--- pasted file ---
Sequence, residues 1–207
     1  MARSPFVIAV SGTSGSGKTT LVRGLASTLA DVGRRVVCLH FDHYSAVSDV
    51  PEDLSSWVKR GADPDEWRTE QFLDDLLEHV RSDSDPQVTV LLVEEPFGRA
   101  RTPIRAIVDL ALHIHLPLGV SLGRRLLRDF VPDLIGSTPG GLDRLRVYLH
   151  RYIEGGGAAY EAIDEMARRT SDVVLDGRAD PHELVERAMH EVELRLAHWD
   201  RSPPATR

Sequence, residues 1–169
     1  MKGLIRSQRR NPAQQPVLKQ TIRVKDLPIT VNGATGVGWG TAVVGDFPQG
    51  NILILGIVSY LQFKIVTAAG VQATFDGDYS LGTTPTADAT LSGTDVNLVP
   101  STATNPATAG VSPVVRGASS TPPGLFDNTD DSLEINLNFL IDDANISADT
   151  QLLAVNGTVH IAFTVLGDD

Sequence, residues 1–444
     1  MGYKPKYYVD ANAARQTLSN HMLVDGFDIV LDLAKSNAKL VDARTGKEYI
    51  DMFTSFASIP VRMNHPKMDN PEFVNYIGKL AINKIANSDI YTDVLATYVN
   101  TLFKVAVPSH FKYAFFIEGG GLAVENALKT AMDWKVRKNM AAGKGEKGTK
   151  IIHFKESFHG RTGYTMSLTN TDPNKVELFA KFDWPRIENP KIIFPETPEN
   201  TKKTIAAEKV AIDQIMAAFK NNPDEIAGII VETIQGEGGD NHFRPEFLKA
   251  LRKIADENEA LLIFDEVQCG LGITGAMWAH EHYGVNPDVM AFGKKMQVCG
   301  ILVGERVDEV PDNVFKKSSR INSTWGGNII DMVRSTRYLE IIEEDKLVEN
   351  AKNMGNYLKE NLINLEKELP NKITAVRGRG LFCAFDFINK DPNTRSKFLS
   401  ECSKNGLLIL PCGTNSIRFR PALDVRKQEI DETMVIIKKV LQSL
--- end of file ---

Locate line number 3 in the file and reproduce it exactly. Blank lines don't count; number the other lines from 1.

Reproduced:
    51  PEDLSSWVKR GADPDEWRTE QFLDDLLEHV RSDSDPQVTV LLVEEPFGRA